Bitter cold threatens calves and lambs
Tue, 11 Sep 2012 6:04p.m.
By Krissy Moreau
Today will be remembered in the South Island as a day that was bitterly cold.
The polar blast made driving treacherous - but as it’s lambing and calving season Southland farmers had no option but to go out to the rescue.
“It's pretty cruel on them as you can see, they're out there walking around on six inches of snow, they're freezing,” says Mossburn farmer Grant Harding.
But rescuing shivering newborns from cruel weather conditions is something Southland farmers are used to.
“It’s part of the life if you're farming, you've got live ones, you've certainly got dead ones - you can't farm around it,” says Gary Hoffman.
With calving and lambing seasons in full swing, the polar blast has hit pockets of Southland with an unwelcomed intensity, the temperature hovered around 3degC, but the wind chill made it much colder - and potentially lethal for newborns.
“[It’s] really tough because as the lamb hits the ground the moisture in the ground sucks the heat out of the body, and if they're not shifted it turns pear-shaped for them,” says Mr Hoffman.
While snow was forecast for much of the lower South Island, MetService says in coastal areas it's more likely to be sleet, but in inland areas, such as Mossburn, the impact of the snow is taking its toll as any loss of stock is a direct loss of income for farmers.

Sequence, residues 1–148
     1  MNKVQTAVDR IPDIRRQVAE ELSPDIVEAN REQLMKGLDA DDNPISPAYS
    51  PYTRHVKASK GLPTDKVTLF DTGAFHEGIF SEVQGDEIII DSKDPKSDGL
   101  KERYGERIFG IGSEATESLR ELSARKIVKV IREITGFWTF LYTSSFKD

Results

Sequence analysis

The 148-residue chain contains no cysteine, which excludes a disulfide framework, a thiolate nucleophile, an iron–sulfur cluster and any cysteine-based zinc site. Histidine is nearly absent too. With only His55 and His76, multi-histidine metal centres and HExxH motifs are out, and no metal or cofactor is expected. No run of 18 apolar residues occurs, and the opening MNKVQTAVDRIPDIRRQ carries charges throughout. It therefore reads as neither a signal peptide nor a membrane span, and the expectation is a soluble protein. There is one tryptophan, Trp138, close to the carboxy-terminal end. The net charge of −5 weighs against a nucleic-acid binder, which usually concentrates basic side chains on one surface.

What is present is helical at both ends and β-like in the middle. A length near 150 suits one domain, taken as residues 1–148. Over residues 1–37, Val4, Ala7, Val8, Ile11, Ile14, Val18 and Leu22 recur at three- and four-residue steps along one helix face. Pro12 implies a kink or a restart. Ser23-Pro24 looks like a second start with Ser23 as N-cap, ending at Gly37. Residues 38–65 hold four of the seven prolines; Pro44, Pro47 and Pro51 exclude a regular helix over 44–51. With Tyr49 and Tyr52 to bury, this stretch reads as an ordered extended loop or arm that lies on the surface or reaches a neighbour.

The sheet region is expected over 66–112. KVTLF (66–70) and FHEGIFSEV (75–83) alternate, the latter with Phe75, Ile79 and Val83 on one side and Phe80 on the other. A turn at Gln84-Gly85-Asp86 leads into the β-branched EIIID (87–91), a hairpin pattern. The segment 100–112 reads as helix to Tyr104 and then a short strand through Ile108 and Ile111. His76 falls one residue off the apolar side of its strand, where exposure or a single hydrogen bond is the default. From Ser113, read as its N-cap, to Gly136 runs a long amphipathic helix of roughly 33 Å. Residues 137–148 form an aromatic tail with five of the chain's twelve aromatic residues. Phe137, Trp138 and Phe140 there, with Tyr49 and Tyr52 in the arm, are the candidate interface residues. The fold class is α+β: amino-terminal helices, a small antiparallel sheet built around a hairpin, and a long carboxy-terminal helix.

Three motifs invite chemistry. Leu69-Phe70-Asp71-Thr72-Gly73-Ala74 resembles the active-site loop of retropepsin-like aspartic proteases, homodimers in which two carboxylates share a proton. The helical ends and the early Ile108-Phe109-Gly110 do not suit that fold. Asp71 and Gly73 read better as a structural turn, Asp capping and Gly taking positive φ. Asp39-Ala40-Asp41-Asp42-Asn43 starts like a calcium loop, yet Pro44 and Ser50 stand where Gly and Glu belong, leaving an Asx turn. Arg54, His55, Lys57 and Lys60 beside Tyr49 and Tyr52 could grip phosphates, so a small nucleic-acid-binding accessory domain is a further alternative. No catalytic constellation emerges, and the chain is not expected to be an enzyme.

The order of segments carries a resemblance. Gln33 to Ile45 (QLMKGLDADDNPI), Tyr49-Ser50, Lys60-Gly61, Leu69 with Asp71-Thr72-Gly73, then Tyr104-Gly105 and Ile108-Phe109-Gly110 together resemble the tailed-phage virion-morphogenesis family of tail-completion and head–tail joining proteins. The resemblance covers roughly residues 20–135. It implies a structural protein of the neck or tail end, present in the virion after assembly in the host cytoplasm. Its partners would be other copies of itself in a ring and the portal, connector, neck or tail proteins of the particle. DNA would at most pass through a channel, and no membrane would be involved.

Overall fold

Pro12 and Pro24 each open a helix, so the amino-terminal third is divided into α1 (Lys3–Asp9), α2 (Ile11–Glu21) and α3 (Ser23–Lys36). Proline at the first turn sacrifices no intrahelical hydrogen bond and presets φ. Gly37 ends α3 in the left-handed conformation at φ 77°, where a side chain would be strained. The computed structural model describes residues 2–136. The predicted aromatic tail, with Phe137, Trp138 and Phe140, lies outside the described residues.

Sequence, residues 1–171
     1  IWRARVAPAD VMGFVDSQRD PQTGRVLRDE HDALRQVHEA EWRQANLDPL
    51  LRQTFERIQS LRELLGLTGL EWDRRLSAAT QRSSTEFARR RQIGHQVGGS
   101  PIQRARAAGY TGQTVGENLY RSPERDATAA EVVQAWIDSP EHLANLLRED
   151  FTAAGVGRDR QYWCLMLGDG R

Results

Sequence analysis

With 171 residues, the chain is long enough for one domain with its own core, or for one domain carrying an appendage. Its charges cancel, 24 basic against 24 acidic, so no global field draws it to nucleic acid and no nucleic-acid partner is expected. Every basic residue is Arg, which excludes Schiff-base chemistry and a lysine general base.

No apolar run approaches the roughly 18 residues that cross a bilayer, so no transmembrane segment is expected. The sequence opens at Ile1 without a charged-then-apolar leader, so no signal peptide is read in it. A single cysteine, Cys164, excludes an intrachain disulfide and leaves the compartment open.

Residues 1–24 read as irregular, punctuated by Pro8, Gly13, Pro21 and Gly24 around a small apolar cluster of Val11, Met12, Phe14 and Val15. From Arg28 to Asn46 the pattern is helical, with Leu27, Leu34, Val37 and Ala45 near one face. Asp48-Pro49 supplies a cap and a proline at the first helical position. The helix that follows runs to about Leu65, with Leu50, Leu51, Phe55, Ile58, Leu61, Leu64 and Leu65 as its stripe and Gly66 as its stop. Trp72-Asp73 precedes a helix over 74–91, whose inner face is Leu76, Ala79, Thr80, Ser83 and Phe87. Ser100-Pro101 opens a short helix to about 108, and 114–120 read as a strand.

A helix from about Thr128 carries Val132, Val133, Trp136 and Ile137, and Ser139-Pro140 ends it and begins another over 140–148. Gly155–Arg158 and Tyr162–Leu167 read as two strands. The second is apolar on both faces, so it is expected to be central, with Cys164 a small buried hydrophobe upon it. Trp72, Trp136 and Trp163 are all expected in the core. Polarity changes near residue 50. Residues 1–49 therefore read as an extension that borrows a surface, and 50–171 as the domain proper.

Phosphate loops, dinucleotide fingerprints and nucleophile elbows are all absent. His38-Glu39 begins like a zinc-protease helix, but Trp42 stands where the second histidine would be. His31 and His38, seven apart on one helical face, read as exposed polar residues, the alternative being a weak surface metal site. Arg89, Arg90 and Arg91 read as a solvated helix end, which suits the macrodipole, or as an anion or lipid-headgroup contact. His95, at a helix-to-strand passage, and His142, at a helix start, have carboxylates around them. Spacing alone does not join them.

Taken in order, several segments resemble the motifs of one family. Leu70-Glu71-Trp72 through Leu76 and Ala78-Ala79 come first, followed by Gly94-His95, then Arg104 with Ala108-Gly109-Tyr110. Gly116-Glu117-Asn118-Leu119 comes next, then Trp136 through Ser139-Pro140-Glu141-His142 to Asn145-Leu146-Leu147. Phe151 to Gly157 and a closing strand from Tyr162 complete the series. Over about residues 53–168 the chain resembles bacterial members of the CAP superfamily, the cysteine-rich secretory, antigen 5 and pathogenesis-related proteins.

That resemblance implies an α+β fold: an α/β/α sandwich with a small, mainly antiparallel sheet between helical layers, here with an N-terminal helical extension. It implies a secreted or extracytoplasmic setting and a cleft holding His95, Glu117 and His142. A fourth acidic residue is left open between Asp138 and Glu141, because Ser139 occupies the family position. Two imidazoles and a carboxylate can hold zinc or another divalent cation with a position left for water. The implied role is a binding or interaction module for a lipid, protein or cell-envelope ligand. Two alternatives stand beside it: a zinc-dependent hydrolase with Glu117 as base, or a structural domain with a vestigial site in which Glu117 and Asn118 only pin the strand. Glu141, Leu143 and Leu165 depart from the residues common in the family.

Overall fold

“There's nothing worse than going and seeing a dead calf or a dead cow… today we've lost three already,” says Mr Harding.
“It is a tough time, especially like this. But it's only for a day,” says Mr Hoffman.
And so many are hoping the forecast for warmer weather comes sooner rather than later.
Post a Comment
Before commenting, please take the time to read our moderation guide
(Won't be published)
11/09/2012 8:21:54 p.m.
Snow at this time of year in the south is not uncommon and with weather extremes being more common it is about time farmers had decent shelter for their animals. Some animals have few bushes or trees to protect them from the wind, or decent cover from sleet, hail or rain. Trees need to be planted and wood/iron shelters available too or in the meantime. Its not rocket science. And it is the ANIMALS that suffer more than the farmers. A price cannot be put on that.
Police had to physically push anti-poverty protestors back a...
A crew member of a cruise ship who was seriously injured abo...
Tonight comes the Budget announcement you didn't hear yester...
It's New Zealand Sign Language Week and it is hoped awarenes...
Copyright © 2013 MediaWorks TV. All Rights Reserved.